QUICK DELIVERY FOR ARMANI, URBANFETCH
Byline: Valerie Seckler
NEW YORK — If the turbulent Sixties spurred the spread of fast food and disposable fashions, could the time-pressed consumers of the new millennium make fast fashion a trend with equal staying power?
A|X Armani Exchange and Urbanfetch Inc. are betting on it.
Those two parties on Wednesday announced an exclusive partnership that marks a first in fashion online: same-day delivery of apparel to the doors of Manhattan cybershoppers’ ordering at armaniexchange.com — which now can be reached through a link at urbanfetch.com, as well.
It struck many Web watchers as a natural when quick-delivery sites such as Urbanfetch and rival Kozmo.com began delivering convenience items, like a dozen bagels or a new CD, in under an hour. But same-day delivery of the latest from A|X Armani Exchange?
The concept may not be so far-fetched, in the view of at least one Internet observer.
“I like it,” said Ken Cassar, retail analyst at Internet consultant Jupiter Communications, in referring to the partnership deal. “I think immediacy is a big dark horse for online retailers.
“Everybody’s thinking it’s great for ice cream and videos,” Cassar noted, “but I think it may be relevant in a broader swath of categories.”
Here’s how it works at armaniexchange.com: As of Wednesday, any item purchased on the Web site by 1 p.m., for delivery to a location in Manhattan, was set to be delivered between 2:30 p.m. and 5:30 p.m. Urbanfetch is fulfilling those orders by making a daily pickup of goods that have been ordered at armaniexchange.com from the A|X warehouse in Secaucus, N.J., and subsequently dropping them off at Urbanfetch’s main distribution center, at 34th Street and 11th Avenue. From there, the merchandise is delivered to customers’ doors. Cybershoppers pay the same $5 fee for the service as they ordinarily would for any delivery of goods bought at armaniexchange.com.
The deal was struck in lightning-fast, Internet fashion, following a phone call from A|X to Urbanfetch and a mere one-hour meeting this month. “Quite a few people in our office used Urbanfetch and thought it was a cool local company,” said Lee Byrd, senior vice president of business operations at A|X Armani Exchange, in referring to the Web site that went live here in October 1999 and in London this June.
“We met with them, and the deal happened after brief negotiations.”
Terms of the partnership were not disclosed.
A|X Armani Exchange has been live online since fall 1995. The initial Web site was marketing driven, but did sell A|X T-shirts and baseball caps. The brand’s full-blown e-commerce effort got underway in February, as noted, with the launch of a redesigned site at armaniexchange.com. A|X has four stores in the tri-state metropolitan area — two in Manhattan, one in Westchester and one on Long Island — and a fifth location is slated to be reopened in Short Hills, N.J., in October.
“We thought this was a service we can offer our customers,” Byrd said. “The whole goal is to enhance the customer experience. I would guess more fashion items than basics will sell. My feeling is that it will appeal to the impulse purchaser who seeks out products at Urbanfetch and wants, say, a bathing suit for a hot weekend, or an outfit for a date after work.”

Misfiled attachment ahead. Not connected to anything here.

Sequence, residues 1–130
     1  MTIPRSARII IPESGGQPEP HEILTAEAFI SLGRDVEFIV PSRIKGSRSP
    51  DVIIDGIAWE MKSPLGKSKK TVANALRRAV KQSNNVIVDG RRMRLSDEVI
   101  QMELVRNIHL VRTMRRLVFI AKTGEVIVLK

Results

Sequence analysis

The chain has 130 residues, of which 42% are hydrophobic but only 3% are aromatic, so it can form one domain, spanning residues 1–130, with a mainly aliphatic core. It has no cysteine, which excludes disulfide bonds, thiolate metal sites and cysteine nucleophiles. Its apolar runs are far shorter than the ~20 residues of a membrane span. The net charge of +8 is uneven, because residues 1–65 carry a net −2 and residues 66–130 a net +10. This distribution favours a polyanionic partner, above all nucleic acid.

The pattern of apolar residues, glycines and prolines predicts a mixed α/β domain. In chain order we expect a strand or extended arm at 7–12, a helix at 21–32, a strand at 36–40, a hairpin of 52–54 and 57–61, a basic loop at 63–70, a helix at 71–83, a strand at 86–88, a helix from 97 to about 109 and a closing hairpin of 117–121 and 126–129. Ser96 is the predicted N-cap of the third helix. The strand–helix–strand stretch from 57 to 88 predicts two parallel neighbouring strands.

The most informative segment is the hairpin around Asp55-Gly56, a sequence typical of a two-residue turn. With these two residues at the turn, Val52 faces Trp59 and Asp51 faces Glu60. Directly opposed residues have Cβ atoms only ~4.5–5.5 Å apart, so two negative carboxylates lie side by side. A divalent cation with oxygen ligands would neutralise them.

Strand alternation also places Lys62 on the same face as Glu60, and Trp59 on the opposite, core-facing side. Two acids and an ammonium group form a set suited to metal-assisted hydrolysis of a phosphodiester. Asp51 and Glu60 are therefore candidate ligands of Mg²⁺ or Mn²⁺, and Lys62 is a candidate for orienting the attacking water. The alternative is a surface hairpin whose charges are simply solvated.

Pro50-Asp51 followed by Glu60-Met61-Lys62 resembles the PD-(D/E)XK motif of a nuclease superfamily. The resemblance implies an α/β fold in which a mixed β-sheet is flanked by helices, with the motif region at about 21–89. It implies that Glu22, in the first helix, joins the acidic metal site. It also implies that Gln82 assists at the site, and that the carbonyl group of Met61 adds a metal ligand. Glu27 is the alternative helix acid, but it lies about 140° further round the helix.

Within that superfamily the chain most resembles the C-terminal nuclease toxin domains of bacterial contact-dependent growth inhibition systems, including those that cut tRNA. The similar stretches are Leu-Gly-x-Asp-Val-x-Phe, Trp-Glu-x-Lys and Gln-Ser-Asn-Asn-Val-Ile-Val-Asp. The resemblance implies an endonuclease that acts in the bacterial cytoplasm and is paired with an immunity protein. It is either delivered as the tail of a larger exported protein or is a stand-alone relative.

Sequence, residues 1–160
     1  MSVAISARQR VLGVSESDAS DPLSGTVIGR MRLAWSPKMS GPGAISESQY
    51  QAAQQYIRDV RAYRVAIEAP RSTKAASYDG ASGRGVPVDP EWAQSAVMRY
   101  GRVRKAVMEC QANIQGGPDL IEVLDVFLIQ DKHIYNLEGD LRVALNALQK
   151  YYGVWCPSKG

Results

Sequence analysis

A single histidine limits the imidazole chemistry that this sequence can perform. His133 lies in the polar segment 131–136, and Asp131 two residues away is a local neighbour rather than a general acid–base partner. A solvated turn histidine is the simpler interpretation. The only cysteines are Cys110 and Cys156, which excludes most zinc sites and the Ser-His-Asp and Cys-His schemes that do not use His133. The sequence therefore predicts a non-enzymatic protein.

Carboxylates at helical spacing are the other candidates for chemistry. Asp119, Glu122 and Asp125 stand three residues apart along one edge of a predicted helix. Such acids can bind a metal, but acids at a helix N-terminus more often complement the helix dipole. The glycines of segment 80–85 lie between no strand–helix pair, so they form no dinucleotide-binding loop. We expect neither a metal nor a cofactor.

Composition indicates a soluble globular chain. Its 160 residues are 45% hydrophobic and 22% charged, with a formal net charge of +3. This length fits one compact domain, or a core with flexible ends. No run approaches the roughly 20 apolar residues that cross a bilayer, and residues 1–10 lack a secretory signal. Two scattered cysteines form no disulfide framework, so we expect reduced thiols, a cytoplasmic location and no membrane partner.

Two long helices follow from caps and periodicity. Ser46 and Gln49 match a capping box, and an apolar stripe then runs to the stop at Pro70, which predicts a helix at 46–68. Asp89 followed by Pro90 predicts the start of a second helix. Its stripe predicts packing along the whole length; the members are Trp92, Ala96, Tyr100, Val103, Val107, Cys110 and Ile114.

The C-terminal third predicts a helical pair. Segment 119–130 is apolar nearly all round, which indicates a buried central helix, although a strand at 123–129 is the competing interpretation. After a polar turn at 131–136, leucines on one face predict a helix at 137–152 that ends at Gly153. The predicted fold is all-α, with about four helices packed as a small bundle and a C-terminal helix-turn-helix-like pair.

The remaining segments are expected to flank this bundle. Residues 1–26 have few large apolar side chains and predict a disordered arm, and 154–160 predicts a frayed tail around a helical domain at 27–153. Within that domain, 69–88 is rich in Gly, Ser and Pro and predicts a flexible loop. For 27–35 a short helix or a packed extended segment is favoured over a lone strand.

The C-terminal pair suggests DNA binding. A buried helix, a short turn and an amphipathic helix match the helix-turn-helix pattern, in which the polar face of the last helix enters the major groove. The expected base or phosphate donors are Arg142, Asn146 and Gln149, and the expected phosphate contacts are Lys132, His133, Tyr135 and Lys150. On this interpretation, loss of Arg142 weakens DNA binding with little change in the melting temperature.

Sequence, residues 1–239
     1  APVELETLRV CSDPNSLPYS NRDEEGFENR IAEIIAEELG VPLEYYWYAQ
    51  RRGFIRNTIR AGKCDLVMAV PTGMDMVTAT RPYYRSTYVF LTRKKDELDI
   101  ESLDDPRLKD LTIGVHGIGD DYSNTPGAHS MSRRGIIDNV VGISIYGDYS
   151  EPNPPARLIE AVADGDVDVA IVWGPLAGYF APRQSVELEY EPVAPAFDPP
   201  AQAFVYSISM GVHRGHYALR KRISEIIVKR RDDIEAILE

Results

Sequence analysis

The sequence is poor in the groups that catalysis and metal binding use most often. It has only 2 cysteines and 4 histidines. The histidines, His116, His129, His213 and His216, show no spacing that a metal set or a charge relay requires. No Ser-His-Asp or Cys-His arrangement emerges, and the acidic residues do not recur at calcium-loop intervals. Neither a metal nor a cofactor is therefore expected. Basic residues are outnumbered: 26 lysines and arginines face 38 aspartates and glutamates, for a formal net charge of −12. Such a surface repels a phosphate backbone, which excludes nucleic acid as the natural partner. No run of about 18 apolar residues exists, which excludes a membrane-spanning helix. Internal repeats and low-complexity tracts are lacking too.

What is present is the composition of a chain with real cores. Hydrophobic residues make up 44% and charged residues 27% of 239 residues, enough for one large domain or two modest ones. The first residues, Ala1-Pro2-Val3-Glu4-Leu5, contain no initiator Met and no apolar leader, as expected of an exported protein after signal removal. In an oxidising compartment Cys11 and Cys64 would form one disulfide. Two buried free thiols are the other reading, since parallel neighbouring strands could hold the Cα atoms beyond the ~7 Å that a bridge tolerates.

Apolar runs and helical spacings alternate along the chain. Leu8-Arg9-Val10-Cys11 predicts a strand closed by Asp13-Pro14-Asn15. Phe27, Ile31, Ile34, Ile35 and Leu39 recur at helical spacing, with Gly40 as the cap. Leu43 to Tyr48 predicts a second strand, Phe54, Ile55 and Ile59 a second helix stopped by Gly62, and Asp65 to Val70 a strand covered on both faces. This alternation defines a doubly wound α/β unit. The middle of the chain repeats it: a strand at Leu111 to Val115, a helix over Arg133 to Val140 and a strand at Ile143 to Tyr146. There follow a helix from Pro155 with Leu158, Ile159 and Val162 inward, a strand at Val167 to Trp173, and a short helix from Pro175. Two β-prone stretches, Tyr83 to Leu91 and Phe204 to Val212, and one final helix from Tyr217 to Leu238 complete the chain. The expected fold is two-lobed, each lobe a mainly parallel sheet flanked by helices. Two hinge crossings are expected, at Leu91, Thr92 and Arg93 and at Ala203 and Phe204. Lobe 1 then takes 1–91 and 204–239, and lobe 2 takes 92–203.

That’s not all that A|X has up its virtual sleeve.
Plans are now in the works, Byrd said, to launch in August or September a service that would enable Internet users to order a “very limited” assortment of A|X merchandise via wireless devices, such as cell phones or personal digital assistants, like a Palm Pilot.
“That would be our next significant step [online],” Byrd noted. “The wireless business may be basics driven until the technology develops further because it’s a text-based ordering experience as of now.”
Prices on A|X goods range from T-shirts at $19.50 to outerwear at $178, with much of the brand’s business focused in the $48-$78 range commanded by the label’s knits and sweaters. “So I think most of our orders [via Urbanfetch] will be for $68-$78 type of items,” Byrd estimated.
The deal with Urbanfetch brings A|X broader exposure in the New York metropolitan area along with the chance to improve the experience of its online customers. Also, the partnership offers Urbanfetch the chance to achieve economies of scale by fulfilling orders for a third party whose upscale demographics are similar to its own.
“We believe that online and offline retailers increasingly will want to provide more rapid fulfillment of their customers’ orders to achieve a competitive advantage,” said Ross L. Stevens, chairman, chief executive officer and president of Urbanfetch Inc. “So, we’ve realized we should make it a priority to provide retailers with third-party fulfillment and marketing services.
“Urbanfetch has 70,000 customers in New York City that A|X now can focus on,” he added.
In Stevens’s view, the deliveries of A|X fashions should be “clockwork….We deliver 98 percent of our one-hour orders on time, so we expect this same-day deal to be very doable.”
A typical customer of Urbanfetch orders from the Web site twice a month, Stevens said, with the average order coming to around $45 and comprising a few items from various categories.
Those goods include electronics, gifts, videos, books, food, drugstore merchandise and prestige beauty products, through a deal forged May 10 with Sephora.com.
Another benefit accruing to Urbanfetch from the partnership with A|X, Stevens said, is the prestige of being associated with an Armani brand. Plus, he said, “We tend to have similar demographics, an urban customer who likes to buy high-end products. We sell a lot of DVD players and Palm Pilots and prestige beauty items from Sephora.com.
“We will be searching for more fashion labels to connect with,” Stevens concluded.